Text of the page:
We can speculate as much as we want. The technology is there, writers are jumping in and now even publishers and online retailers are getting involved. But maybe, just maybe, rather than some drastic change to the world of books, digital publishing will serve as a testing ground for evolving reader tastes and the commercial potential of emerging authors.

What do you think?

Until later,


Anne Gilbert said...

I think your scenario is realistic enough. I've already seen at least two examples of indie published books which were more or less rushed into print, and a lot of flaws. They had interesting ideas or characters, but were short on writing skills, or at the very least, they needed to write another draft. I think that it's very tempting to rush into print like this if you have a Grand Idea, and POD or "print your own" might tempt a lot of 'unambitious' authors trigo do just that. And glut the market with badly-written books. Which will not make the reputation of indie publishing any better. But I really hope you're right in what you describe.

Daphne said...

I really want an iPad too - but I wouldn't read books on it. I like the feel of a book and I already spend so much time on the computer that reading a book on a screen just doesn't appeal to me. I have told my family in no uncertain terms that under no circumstances do I want a kindle, or a nook or any of those other e-book thingies.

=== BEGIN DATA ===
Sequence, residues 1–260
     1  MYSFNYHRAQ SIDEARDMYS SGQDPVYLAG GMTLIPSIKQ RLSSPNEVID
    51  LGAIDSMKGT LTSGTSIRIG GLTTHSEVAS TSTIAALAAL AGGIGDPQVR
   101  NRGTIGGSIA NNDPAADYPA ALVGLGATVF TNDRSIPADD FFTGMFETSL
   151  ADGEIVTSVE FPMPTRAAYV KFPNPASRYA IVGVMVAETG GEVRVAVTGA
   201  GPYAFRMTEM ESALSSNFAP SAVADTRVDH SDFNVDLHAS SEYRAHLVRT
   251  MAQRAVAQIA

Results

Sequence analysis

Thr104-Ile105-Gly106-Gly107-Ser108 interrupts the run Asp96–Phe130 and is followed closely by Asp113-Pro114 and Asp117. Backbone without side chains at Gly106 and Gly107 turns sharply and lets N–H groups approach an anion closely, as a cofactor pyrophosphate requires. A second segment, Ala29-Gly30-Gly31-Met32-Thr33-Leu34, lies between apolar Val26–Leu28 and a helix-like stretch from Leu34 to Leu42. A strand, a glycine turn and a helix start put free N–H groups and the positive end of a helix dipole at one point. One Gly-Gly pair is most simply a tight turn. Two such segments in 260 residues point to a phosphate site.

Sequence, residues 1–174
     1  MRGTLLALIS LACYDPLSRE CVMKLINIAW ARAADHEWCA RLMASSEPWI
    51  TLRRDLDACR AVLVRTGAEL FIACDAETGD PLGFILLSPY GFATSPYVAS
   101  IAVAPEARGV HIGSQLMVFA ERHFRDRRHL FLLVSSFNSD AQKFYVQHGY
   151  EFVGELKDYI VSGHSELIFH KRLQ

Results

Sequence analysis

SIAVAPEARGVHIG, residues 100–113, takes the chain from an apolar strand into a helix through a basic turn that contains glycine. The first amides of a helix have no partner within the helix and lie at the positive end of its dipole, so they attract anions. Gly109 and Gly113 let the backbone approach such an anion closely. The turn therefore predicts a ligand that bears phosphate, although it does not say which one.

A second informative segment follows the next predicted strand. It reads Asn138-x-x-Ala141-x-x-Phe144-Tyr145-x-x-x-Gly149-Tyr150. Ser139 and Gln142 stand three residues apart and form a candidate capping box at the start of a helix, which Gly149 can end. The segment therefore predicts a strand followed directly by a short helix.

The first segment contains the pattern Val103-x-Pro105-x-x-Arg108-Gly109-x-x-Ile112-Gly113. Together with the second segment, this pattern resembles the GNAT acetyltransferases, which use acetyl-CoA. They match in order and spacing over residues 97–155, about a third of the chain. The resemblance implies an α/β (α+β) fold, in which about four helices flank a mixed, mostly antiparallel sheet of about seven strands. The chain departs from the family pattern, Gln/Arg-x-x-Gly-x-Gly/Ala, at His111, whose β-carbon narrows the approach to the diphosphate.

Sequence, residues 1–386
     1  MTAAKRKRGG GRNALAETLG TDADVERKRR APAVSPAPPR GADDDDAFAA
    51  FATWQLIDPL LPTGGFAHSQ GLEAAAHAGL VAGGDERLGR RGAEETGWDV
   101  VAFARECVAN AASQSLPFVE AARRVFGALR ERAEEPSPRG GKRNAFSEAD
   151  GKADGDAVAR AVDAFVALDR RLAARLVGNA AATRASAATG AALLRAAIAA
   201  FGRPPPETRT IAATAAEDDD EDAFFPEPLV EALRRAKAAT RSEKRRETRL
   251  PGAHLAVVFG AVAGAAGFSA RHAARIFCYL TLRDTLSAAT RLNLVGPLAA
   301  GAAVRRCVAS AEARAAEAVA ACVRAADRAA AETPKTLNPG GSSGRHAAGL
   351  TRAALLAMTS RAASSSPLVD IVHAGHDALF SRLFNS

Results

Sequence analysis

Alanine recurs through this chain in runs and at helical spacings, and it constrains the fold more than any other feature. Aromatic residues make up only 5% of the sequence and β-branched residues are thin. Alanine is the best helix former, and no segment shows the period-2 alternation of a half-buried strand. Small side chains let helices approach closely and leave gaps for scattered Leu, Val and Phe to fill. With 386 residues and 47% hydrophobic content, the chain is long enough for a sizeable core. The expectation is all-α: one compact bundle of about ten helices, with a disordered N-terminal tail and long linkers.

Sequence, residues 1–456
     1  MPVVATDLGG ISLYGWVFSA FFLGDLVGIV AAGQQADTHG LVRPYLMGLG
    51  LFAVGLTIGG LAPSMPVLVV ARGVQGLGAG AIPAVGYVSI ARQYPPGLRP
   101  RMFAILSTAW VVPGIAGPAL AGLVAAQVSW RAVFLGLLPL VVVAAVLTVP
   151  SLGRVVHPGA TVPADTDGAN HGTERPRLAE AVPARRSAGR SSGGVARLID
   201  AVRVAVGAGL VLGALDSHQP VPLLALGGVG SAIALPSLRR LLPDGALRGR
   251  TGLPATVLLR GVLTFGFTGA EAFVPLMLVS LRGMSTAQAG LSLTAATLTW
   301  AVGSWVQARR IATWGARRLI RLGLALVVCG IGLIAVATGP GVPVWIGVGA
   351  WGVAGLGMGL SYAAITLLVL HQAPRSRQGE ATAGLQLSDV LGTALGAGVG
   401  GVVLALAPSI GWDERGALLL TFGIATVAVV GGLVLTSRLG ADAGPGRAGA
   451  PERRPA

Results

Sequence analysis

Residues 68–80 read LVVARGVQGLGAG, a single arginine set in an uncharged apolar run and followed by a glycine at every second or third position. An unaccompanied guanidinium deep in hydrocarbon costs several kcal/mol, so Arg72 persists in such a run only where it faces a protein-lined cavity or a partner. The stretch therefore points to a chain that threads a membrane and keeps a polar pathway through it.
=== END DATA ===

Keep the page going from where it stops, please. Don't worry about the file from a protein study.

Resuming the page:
N. Gemini Sasson said...

@ Daphne - I still prefer paper books, too. But have resorted more and more to reading on screen out of necessity and, well, budget restrictions.

@ Anne - I think it goes the other way, as well. I have three books by indie authors on my shelves - all well written and sufficiently well edited. In fact, in one of them, the only typo I spotted was a broken ellipse that spilled over onto the next line. The book was not only technically nearly flawless, but a fantastic read, too. My point is that with those books, just as with traditionally published ones that I've enjoyed, I tell people about them.

Anita Davison said...

I blogged on this subject today as well, Gemi - it seems to be in the forefront of many writer's minds. I am not pioneer enough to be one of the first, but I will follow the trend with interest. You have some great points here by the way - especially where the mediocre books will sink into oblivion of their own volition and the good ones will rise to the top on their own merits.
I love my E-Reader, but I also love shelves and shelves of books...

Greta said...

All very valid, Gemi. I have found as I get older and my muti-focals stronger that it's easier for me to read on the screen than from a page. Maybe I've just done too much of it.

Marketing is the thing - provided you have a well produced book. And that's difficult. We see more and more cooperatives springing up (sort of like farmer's markets, instead of just at-the-gate sales). Me, I think that's a great move.

Roland D. Yeomans said...

I love my Kindle. It's half the price of the iPad, the wireless service is free, and the ebooks are still half the price of the books you buy for the iPad.

I beleive you're right. Traditional Publishing is with us for some time longer. A flood of badly written books cannot be good for the budding ebook market.

I'm glad I found your blog, WRITING IN THE CROSSHAIRS. Come check out mine if you're of a mind and have the time, Roland

N. Gemini Sasson said...

I agree, Roland, that there will be a steady rise in the number of self-published e-books. I think, however, that it won't matter if most of them are not worthwhile reads. Those will sink into obscurity, no harm done. The well written ones, if discovered by enough readers, will rise on their own merit.